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Gauging how hard David Kidwell hit Willie Mason on Saturday night is not as simple as observing the shiner that was left behind.
In case you haven?t seen it, the Kiwi second-rower let fly with a shoulder charge that floored Aussie firebrand Mason and it has left a lasting impression not only on Willie?s eye socket, but the Australian team?s psyche.
Now, hear me out before you try me for treason?
If I was a Kiwi right now I?d be happy that whilst the Aussie?s won Saturday?s Test on points, my countrymen put them on the canvass a couple of times. And now the Aussie?s have turned into a chorus of whingers, playing into the hands of New Zealand.
As far as I can see Kidwell?s hit was legal. He put Mason, as well as himself, on the ground with a shattering blow then got up and offered some verbal insight. For me, it was the highlight of the game. I love watching bodies collide and reel backwards without control. The ongoing war between Mark Carroll and Paul Harragon in the 90?s was a contest most League fans remember fondly.
Although illegal, Shaun Edwards?s poleaxing of Brad Clyde at Wembley in 1990 and Wally Lewis?s burial of Darrel Williams in 1989 (even if he was aiming for Brendan Tuuta) stick out in your mind.
But what is disappointing is the reaction by the Australians following the incident.
The labelling of Kidwell as a ?cheap-shot merchant? by Australian coach Ricky Stuart is simply astounding. I consider Kidwell to be somewhat of a niggler, but 2006 has been his best season by far and he seems to have taken most of that malice out of his game and channelled his aggression into positive football.
Kidwell played under Stuart in 2002/03 before linking with the Storm, as did fellow former Rooster Michael Crocker, who headed south this year. Both players have excelled under Craig Bellamy after being a little wayward at Bondi Junction.
Moving on to Mason ? he has accused Kidwell of coming from the side and not hitting him front on ? I guess that?s an allegation of unfair play. Willie?s head is obviously damaged more than we realised from the hit as all the footage I?ve seen of the incident shows them virtually running a straight line at each other.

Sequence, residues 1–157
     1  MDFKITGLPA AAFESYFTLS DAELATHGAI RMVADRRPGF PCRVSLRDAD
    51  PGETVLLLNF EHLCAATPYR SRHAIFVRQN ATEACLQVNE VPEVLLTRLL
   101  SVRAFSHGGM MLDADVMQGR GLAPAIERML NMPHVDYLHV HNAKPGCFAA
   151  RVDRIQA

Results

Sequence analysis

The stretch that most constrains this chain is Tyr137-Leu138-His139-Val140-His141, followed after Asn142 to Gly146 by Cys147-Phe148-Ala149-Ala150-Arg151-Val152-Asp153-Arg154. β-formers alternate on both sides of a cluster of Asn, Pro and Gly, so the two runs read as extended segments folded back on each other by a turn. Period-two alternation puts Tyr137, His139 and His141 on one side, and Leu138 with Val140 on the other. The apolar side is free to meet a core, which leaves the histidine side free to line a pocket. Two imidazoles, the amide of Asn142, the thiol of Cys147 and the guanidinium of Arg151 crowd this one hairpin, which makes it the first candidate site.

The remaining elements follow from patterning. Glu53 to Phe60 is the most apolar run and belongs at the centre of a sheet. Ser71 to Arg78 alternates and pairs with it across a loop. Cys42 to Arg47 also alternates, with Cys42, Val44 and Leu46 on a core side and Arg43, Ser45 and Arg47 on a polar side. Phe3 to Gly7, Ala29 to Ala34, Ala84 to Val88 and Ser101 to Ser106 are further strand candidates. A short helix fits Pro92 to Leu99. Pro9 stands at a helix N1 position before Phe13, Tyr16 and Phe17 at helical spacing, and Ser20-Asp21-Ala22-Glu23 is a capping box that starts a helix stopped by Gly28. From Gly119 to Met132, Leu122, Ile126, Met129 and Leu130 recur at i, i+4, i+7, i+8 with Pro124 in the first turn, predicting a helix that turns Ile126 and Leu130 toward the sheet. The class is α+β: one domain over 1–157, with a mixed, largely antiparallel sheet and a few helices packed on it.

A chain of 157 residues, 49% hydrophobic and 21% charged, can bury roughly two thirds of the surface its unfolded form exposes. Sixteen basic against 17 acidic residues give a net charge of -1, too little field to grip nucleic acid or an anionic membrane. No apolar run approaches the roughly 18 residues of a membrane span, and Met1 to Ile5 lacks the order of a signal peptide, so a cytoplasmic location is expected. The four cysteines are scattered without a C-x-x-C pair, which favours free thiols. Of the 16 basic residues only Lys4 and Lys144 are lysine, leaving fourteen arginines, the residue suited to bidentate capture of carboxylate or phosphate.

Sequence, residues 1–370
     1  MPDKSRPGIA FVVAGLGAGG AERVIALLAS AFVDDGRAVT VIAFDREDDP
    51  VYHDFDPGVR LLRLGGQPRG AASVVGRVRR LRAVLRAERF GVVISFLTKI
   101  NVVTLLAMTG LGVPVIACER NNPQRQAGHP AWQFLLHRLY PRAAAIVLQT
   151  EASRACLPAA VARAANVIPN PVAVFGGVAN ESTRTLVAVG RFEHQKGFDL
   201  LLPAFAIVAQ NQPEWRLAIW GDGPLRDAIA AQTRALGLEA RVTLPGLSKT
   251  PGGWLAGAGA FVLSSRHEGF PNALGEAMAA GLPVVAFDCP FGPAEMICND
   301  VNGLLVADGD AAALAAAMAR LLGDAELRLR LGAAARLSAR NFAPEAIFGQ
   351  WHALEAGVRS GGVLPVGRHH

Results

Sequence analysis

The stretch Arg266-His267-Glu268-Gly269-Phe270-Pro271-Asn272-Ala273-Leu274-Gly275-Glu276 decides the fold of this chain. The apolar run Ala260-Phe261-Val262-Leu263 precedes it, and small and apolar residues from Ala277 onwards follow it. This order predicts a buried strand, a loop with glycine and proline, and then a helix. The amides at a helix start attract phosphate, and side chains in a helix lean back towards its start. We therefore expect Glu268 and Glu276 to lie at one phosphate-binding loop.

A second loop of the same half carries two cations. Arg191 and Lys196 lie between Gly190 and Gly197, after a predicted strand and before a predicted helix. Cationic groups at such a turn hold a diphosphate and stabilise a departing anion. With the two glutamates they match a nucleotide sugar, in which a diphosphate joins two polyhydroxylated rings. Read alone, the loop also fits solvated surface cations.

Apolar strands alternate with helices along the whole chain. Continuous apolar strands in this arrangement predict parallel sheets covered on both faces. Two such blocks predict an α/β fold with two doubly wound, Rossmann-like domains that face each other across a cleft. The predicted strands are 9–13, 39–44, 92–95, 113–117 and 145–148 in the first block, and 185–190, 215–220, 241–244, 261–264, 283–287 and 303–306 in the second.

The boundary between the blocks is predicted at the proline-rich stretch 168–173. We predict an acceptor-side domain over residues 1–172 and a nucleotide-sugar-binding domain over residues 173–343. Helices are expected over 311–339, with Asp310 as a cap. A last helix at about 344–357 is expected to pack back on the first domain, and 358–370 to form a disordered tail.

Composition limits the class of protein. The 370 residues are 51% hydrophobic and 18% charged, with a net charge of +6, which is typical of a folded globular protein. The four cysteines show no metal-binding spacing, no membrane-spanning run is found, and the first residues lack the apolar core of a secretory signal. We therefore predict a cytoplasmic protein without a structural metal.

Besides which, what kind of a stupid call is that to make? It?s a contact sport after all!
I smell a bit of jealous rage in Willie?s tone. Mason, who like Kidwell has just finished his best season in my opinion, got smashed by a bigger man and can?t, or doesn?t want to, admit it.
As the biggest player on the field, it would be a hard thing to face up to, but why not issue a challenge to his counterpart? No, instead nitpick that he isn?t playing the way you think he should, even if the cameras suggest otherwise.
Next we have Darren Lockyer complaining that people shouldn?t stand over people and remonstrate after smashing them. Apparently it?s a ?bad look? for the game. Perhaps we should arm all players with handkerchiefs with which to award their grounded opponents should they be unceremoniously dumped on the broad of their backs?
Even stranger than that is the allegations of hypocrisy stemming from Mason?s pre-game swear-a-thon during New Zealand?s performance of the haka. Mason claims he was aiming his tirade at Kiwis fullback Brent Webb for being born and raised in Australia before moving to New Zealand and adopting that as his country.
This is a bizarre twist, given the Auckland-born Mason plays alongside fellow ?Aussie? Karmichael Hunt who spent his formative years in New Zealand before moving to Queensland and embracing Australia.
I wonder how Mason feels about Tonie Carroll, a man who has represented both Australia and New Zealand!
But I suppose it isn?t all bad. Even though the quality of the game failed to attract the headlines, International Rugby League is on the back page of every newspaper and firmly in the mindsets of the public.
I can?t wait for the rematch in Melbourne and the controversy surrounding Game I won?t hurt the crowd. I hope that the Kiwis turn in a more polished performance though, as Australia?s finesse and skill will only improve with more time on the paddock.